It can be argued that stress offers a sense of urgency, and the short-term burst of energy needed to get something done in a limited time frame. It can also, if only for a short time, focus our attention. When experienced on occasion the effects of stress dissipate in the long rest periods between stressful episodes and do no harm.

Why the motivating influence of stress can be overrated.

It’s true that in some moments an injection of stress can give us a boost. Whether it makes us work faster, think quicker or increase our energy, sometimes we just need a bit of pressure to really push ourselves and achieve our goals. Yet this can quickly become counter-productive. Feeling constantly under pressure and overwhelmed can actually hinder performance, with those who are stressed finding it difficult to concentrate, remember things effectively and come to sensible decisions.

While it’s true that stress can help you focus in the short term, being stressed out consistently makes it difficult to think with any kind of clarity or focus. This is especially true when we are presented with multiple tasks of equal urgency and not enough time to complete all of them – which is when panic sets in. Furthermore, when stress is due to tense relationships with colleagues, bad management, long commutes or other factors not directly associated with the actual job, it is much more likely to de-motivate you and your staff than fire you all up. Lack of sleep, mental exhaustion and health problems are the long-term consequences of being overly stressed, none of which translate well into the working environment.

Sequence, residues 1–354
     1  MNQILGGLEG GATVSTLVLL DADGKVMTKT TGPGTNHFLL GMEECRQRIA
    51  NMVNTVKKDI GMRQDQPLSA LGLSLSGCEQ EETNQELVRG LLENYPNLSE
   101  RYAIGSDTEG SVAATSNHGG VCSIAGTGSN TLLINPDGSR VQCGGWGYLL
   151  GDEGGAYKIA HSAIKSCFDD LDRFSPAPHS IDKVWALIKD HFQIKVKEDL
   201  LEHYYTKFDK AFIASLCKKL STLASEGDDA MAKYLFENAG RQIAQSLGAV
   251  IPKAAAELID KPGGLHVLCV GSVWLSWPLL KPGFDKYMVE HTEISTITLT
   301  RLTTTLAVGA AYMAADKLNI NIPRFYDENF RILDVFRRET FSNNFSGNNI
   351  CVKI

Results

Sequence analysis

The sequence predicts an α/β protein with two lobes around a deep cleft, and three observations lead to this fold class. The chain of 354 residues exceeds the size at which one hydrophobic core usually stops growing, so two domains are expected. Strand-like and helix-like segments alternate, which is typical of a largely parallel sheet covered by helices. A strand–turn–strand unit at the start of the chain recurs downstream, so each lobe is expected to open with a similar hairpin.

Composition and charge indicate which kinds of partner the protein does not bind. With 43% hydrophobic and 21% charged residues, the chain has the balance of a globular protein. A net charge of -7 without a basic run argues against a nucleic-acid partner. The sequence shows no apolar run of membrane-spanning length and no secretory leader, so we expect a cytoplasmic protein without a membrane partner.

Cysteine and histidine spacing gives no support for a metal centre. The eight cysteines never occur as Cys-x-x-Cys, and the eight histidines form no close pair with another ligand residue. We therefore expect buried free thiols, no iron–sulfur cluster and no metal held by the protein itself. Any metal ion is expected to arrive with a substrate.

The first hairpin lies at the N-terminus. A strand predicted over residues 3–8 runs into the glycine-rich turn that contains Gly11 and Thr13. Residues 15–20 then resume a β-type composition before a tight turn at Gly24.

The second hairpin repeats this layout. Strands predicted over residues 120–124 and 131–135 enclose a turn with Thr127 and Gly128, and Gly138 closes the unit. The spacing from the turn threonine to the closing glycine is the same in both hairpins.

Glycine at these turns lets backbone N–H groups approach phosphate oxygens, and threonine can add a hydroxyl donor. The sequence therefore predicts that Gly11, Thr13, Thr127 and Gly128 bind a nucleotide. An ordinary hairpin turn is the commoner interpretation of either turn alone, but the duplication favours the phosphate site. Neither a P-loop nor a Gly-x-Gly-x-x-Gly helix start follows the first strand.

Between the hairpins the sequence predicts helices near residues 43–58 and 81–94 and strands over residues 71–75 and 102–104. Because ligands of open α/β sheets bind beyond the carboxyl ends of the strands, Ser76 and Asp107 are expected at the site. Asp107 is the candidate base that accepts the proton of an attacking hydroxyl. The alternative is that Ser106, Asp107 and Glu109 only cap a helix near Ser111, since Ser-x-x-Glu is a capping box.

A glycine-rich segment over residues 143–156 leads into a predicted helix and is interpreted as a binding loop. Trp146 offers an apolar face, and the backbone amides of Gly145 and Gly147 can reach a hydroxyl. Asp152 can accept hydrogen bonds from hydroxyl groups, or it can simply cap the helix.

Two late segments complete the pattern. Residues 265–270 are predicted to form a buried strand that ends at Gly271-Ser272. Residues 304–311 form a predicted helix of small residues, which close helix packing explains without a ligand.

How to Strike a Balance.

As someone who runs a business, it’s almost inevitable that you will have to deal with a certain amount of stress on a daily basis. There’s also going to be times as you grow that you may have to ask your staff to really push themselves, and put in an extra effort. The key to ensuring that this doesn’t get out of control is to foster a company culture in which stress cannot become embedded and damage your business. Some ways to do this are:

  • Avoid presenteeism. Having your staff at work for 4 hours longer than the usual working day does nothing to improve productivity and creates a high-pressure atmosphere, where people are worried about leaving at the proper time for fear of appearing uncommitted to their role. If you pay overtime, cap the extra hours your staff can work each week, and apply this rule to yourself. Instead, encourage a healthy work/life balance, and make sure that you and the people that work for you get the rest they need.